“Nine Night” at The National Theatre: The Play About Grief

“Nine Night” at The National Theatre: The Play About Grief

The good news about so-called black drama on British stages is that it has broken out of its gangland violence ghetto and now talks about a whole variety of other subjects. Like loss. Like death. Like mourning. So London-born actress Natasha Gordon’s warmhearted play, Nine Night, now making its first appearance at the National Theatre, is as much about family, music, and mourning as it is about ethnicity or migration. Inspired by the ritual of Jamaican funerals, in which the final ninth night of a wake is the time that the deceased’s spirit must finally leave this world, the play looks at grieving and tradition.

Set in the London home of Gloria, who is dying of cancer, this rather traditional family reunion play looks at how each of her grown-up children—Trudy, Lorraine, and Robert—react to her passing. For the sake of realism, the family situation is quite complicated: Trudy was bought up in Jamaica, where Gloria came from in the 1950s, while Lorraine and Robert were born in Britain. Lorraine has been looking after her mother for the past three months, helped by her 20-something daughter Anita. Robert is married to the white teacher Sophie, and Gloria’s cousins, 70-somethings Maggie and Vince, are likewise guests.

After Gloria’s death, her body remains unburied as the family takes part in the traditional Jamaican “nine night” wake, which involves lots of food, music, dancing, religious hymns, improvised poems, and lots and lots of stories. Naturally, the family conflicts soon begin to bubble over. Robert is a businessman whose plans have gone awry, so he wants his sister Lorraine to sell their mother’s house immediately to raise some cash. But Lorraine has other ideas: she points out that the house is not a property, but a home—and that their mother’s spirit has not yet been released. Meanwhile, there’s a secret pregnancy in the family which threatens to disrupt things even more.

This is a play that is full of spirit, and spirits. Both alcoholic, and of the dead. Gordon uses lashings and lashings of old-world beliefs as well as Jamaican verbal acrobatics, her comic one-liners creating moments of complete hilarity, supplemented by sage sayings: “Be careful, not carefree;” “When yuh get to Heaven, yuh see, God will deal wid yuh;” “Save yuh eye water, niecey.” The linguistic mix of England and the West Indian verbal rhythms gives the dialogues a high energy, and Gordon balances humor and seriousness. She is very good at showing the diversity of grief and loss. And there is plenty of fun amid the tears and some lovely exchanges.

The faults of Nine Night are the faults of the first-time playwright. Gordon has crammed in too much detail, with the result that despite a powerful ending, with spirit possession and talking in tongues, there are too many loose ends to make for a fully satisfying story. Some scenes are unnecessary, and there’s a lack of focus in the narrative. Conflicts remain unresolved, and the running time of 110 minutes is too short for the material. Still, in compensation, there are many delightful sequences: Robert’s puzzlement when he volunteers to prepare chicken wings; a story about putting Vaseline on a dead woman’s feet to ease on her stockings before burial; Maggie’s speech in praise of her Freedom Pass.

Director Roy Alexander Weise’s production, designed by Rajha Shakiry, doesn’t quite achieve the required blend of music and dialogues, with one dance sequence performed in semi-darkness, but his cast does him proud. Cecilia Noble’s Aunt Maggie is a thoroughly memorable larger-than-life creation, bursting with humorous vigor and dominating any scene she finds herself in. Franc Ashman as Lorraine, Hattie Ladbury’s Sophie and Oliver Alvin-Wilson’s Robert provide good emotional grounding and are well supported by Rebekah Murrell’s Anita. Ricky Fearon’s Uncle Vince gets his poetic Shakespearean moment and dispenses lots of wisdom, while Michelle Greenidge’s Jamaican Trudy is sublimely lively.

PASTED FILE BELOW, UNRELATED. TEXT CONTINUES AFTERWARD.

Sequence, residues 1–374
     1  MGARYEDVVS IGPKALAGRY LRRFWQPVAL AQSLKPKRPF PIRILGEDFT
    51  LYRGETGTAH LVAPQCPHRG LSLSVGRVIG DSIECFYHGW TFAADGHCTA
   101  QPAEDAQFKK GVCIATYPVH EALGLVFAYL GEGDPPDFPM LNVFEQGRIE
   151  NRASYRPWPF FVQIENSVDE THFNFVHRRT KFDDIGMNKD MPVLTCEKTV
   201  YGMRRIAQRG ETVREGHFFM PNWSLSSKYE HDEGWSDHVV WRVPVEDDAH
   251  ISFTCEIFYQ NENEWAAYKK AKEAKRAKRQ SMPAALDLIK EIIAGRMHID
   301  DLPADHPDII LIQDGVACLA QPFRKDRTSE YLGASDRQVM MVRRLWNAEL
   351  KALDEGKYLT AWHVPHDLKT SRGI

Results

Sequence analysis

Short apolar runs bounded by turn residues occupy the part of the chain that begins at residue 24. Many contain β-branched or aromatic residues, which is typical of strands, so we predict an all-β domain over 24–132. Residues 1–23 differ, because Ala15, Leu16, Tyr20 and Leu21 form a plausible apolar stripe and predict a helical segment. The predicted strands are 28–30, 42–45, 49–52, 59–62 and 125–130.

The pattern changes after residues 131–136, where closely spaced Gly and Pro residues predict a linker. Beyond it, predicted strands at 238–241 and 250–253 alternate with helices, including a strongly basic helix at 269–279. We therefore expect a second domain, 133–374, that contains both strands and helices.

Our current affection for the Windrush Generation makes this play timely, and many of the lines suddenly sound more relevant than ever. When Trudy says, “Everyting for oonuh in Ingland is money, innit?” and when she expresses her pain at being left alone in Jamaica when her mother came to London, a real tang of the contemporary crosses the stage. Likewise, the shortcomings of the present care system are evident from the start. These aspects of Nine Night touch a chord and go some way to making up for some of the playwright’s inexperience. Okay, it’s a feast of a play, but some parts remain undercooked.

Nine Night is at the National Theatre until May 26.

This article originally appeared in Aleks Sierz on April 30, 2018, and has been reposted with permission.

 

This post was written by the author in their personal capacity. The opinions expressed in this article are the author's own and do not reflect the view of The Theatre Times, their staff or collaborators.

About The Author

Aleks Sierz

regional managing editor - United Kingdom

Aleks Sierz is a British theatre critic. He is the author of In-Yer-Face Theatre: British Drama Today (Faber, 2001), The Theatre of Martin Crimp (Methuen, 2006), John Osborne’s Look Back in Anger (Continuum, 2008), Rewriting the Nation: British Theatre Today (Methuen, 2011). His latest book, co-authored with Lia Ghilardi, is The Time Traveller’s Guide to British Theatre: The First Four Hundred Years (Oberon Books, 2015). Sierz has written for publications including Tribune, The Arts Desk and The Stage, as well as newspapers such as The Independent. He co-edits Theatre Voice.

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